Heading out of Wales on Friday for a race up north, I kept recalling in my head a conversation between Nina and our neighbour, Anne…
Nina: With weather like this our friends will all think we live in paradise
Anne: Well maybe you do
I am lucky enough to have visited some of the most beautiful places in the world but I can honestly say nowhere is better than here in the sunshine. Whereas the Himalayas are undoubtedly the most spectacular mountains in the world, they are remote and foreboding. The green slopes of Snowdonia with their silver streams and mirror lakes are like old friends, kind and inviting.
This would be Nina’s first time alone in Gelli, so while I really enjoyed my Friday night in my hotel room with it’s TV, Light Switches, Kettle, Central Heating, Flushing Toilet and Hot Shower, it was bitter sweet for I knew Nina was back in the cold darkness without me. I climbed into my warm dry double bed still wearing my hat out of habit, I joyfully threw it off when I remembered I wouldn’t need it!
The English Cross Country Champs is the oldest existing Cross Country in the world. Thousands of runners and spectators converge on some godforsaken fields each winter for an afternoon of madness. There were 2 inches of snow lying in wait for us, and after 9 races and thousands of runners before us, any semblance of decent underfoot had long been trudged into a swamp of freezing wet mud.
The senior men go last and for longest (12km). I arrived from the warmth of my hotel as late as I could, and didn’t even jog round the course before the start in an attempt to keep my feet from going numb. This decision cost me in the late stages of the race especially seeing as my feet went numb anyway.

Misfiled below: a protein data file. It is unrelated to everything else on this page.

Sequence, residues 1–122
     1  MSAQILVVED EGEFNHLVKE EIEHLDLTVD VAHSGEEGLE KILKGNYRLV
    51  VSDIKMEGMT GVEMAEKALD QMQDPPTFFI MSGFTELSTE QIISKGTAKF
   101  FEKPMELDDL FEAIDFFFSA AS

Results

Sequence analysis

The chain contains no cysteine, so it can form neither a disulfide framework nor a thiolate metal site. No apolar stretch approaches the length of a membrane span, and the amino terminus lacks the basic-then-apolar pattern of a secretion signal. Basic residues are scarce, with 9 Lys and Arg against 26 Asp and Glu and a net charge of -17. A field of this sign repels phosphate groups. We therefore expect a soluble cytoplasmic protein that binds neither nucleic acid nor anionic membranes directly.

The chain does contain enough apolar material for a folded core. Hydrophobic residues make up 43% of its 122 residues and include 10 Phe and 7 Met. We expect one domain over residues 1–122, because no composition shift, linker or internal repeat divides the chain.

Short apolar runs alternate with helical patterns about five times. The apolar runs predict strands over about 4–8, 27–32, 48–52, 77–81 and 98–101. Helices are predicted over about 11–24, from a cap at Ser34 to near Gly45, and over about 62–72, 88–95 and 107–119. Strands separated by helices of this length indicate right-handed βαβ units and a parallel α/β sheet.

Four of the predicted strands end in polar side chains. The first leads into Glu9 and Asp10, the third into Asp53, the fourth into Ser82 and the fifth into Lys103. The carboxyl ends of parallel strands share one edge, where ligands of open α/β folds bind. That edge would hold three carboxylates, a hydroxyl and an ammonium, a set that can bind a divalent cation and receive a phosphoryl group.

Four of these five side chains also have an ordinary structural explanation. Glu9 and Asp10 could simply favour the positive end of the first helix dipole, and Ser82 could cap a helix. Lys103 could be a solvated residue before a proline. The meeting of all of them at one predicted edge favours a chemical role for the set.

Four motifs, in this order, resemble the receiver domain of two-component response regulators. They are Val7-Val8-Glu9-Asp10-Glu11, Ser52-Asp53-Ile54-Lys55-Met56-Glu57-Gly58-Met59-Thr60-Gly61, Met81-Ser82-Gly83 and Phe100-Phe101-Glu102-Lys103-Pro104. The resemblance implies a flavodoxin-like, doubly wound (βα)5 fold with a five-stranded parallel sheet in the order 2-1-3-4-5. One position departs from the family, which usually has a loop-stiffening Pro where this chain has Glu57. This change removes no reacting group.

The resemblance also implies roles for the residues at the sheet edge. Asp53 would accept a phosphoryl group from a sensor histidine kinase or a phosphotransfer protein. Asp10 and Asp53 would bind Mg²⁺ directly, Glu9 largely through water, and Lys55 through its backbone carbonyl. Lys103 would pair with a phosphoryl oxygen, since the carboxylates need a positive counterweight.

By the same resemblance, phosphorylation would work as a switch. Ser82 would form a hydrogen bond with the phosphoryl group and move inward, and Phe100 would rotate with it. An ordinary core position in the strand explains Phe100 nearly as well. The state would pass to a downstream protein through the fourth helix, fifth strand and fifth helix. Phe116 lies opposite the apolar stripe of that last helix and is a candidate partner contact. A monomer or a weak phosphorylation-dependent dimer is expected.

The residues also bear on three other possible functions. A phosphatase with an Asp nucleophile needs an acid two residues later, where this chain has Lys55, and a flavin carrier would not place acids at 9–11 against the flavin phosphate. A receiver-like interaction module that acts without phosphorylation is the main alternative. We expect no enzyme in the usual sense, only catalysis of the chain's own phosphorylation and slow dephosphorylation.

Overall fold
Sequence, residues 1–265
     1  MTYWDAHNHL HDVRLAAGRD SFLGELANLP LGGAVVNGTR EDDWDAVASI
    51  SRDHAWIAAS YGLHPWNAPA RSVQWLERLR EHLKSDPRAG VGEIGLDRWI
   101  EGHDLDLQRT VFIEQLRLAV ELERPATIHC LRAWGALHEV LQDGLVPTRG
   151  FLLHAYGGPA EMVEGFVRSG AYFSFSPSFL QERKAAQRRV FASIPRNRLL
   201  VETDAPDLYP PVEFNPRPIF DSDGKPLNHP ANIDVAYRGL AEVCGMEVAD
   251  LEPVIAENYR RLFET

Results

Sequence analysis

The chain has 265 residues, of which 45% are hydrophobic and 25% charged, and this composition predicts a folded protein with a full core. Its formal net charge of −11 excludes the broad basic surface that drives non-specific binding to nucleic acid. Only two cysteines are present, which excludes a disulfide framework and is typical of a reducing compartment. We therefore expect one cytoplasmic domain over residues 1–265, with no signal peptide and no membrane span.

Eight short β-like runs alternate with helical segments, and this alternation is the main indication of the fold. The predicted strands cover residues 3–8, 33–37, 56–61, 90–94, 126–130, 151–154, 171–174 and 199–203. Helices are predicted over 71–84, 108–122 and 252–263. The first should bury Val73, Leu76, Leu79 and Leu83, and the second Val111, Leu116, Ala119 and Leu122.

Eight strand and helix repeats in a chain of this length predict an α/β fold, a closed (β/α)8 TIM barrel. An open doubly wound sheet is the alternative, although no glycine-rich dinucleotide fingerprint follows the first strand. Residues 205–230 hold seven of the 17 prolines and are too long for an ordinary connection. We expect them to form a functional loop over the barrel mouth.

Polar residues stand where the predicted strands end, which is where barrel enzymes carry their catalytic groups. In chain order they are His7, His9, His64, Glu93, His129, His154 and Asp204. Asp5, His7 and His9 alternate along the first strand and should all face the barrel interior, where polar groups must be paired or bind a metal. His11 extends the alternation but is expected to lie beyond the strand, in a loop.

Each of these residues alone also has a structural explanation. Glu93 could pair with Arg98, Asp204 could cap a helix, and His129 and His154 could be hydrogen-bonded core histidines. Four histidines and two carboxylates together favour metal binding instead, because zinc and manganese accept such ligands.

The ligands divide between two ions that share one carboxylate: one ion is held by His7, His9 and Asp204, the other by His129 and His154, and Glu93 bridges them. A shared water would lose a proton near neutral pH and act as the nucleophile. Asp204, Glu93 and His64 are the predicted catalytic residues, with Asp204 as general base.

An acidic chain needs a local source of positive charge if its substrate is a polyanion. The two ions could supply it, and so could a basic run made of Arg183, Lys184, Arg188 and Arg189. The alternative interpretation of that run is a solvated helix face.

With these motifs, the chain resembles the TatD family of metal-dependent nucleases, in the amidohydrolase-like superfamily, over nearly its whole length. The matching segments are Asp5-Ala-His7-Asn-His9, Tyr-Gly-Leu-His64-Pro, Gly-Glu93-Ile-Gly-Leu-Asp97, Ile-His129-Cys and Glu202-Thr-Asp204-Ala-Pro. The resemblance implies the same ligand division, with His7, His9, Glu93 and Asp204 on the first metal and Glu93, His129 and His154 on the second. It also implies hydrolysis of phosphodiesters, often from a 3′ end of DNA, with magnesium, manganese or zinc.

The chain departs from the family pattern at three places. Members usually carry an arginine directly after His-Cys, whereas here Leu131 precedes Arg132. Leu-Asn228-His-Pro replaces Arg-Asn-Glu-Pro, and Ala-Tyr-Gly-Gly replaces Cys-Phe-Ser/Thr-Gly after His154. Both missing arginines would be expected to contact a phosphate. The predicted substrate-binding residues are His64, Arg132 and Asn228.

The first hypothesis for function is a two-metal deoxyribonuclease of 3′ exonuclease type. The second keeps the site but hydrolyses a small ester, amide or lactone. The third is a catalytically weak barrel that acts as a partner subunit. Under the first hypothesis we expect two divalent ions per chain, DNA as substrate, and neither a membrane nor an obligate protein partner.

The scene is pretty otherworldly, nowhere to sit down or get out of the cold, just mud and snow as far as the eye can see. Having to stand around in the cold is bad, but stripping down to vest and shorts is worse.
The start was typically manic, and it is was hard to keep my heart from racing as a thousand men all around me were sprinting for their lives and mud was being thrown into my face as if by the gallon. You can see a video of the impressive start below, I know the last video I posted was abit rubbish, but this one is better, go straight to the middle of the timeline if you want to cut to the chase.
The race was three laps but each one seemed longer than the last as my legs got more tired and the ground more muddy. The final lap was the most fun as we began lapping runners (even some women from the previous race) and they were occupying the least worst route. I had decided before the race that I would make my move from the turn off at the end of the last lap until the finish. But it looked a lot longer on the course map and in reality was only about 400m, costing me at least a few places. I crossed the line full of running which was confusing as this was one of the hardest, ugliest races I’ve ever run.